Recently, after the posting of the Phil Trans B archive on Sept 8, 2009, I determined that the Yamal data set as used by Briffa is not more “highly replicated” than the Polar Urals data set and thus there is no basis for the preferential selection of the Yamal chronology over the Polar Urals chronology into Team multiproxy studies. The seemingly biased selection of Yamal over Polar Urals has been a longstanding concern of mine and was the theme of numerous of my AR4 Review Comments, all of which were repudiated by Briffa, the IPCC author responsible for this section. In light of the abysmal modern replication of the Yamal chronology, the rejection of these comments seems highly questionable.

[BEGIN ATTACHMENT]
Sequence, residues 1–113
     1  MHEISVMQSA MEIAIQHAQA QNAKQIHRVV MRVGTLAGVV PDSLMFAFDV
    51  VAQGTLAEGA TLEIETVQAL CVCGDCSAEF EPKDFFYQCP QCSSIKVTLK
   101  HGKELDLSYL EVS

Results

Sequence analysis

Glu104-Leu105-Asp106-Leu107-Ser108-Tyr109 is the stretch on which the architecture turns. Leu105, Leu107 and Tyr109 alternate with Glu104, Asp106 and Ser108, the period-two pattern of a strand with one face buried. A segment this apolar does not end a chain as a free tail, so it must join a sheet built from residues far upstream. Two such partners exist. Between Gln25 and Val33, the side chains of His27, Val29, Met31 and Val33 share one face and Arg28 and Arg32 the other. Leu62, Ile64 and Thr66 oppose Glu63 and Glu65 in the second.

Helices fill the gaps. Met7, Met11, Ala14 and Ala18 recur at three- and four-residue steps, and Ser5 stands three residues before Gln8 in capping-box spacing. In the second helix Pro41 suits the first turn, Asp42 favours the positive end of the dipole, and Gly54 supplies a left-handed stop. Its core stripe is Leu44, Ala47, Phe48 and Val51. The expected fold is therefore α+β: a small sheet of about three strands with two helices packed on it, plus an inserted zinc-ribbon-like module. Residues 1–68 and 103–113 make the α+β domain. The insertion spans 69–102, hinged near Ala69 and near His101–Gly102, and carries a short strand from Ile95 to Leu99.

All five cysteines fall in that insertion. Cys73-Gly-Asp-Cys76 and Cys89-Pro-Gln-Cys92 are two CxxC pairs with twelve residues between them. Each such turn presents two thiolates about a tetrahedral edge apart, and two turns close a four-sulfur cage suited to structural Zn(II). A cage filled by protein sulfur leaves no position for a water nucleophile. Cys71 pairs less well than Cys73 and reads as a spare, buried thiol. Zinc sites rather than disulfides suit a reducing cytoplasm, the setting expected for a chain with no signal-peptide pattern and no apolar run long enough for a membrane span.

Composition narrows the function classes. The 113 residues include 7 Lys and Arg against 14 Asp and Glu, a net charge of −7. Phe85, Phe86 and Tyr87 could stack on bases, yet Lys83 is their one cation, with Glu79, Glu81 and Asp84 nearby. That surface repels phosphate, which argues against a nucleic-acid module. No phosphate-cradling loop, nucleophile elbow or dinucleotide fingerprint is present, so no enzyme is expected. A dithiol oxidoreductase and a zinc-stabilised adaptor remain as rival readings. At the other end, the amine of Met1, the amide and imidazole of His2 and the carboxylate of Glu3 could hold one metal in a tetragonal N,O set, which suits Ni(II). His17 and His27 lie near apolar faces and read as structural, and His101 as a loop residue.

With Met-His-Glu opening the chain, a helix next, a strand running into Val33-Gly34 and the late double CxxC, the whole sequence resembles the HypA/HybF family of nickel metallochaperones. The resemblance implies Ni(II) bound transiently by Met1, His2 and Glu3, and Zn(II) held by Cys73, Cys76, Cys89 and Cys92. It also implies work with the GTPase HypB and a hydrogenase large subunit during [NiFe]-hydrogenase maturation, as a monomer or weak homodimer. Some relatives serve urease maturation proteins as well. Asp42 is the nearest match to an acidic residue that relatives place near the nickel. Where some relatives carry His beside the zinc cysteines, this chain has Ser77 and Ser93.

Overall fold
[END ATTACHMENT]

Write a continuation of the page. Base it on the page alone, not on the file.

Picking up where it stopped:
However, the main response of critics of this site over the past few days (e.g. Tim Lambert, David Appell, Deep Climate, the latter now linked by Andrew Revkin) has not been reflection on the poor replication of the Yamal series or the impact of the now established bias in the selection of Yamal over Polar Urals, but vituperative criticism of me for not being able to determine the poor replication and provenance of the Briffa data set earlier, using the materials available before Sept 2009, including the Hantemirov’s low-replication corridor standardization data set for Hantemirov and Shiyatov 2002 which I had obtained in early 2004, well before I began examining the Yamal data set in more detail after the publication of Osborn and Briffa 2006 and D’Arrigo et al 2006 in Feb 2006.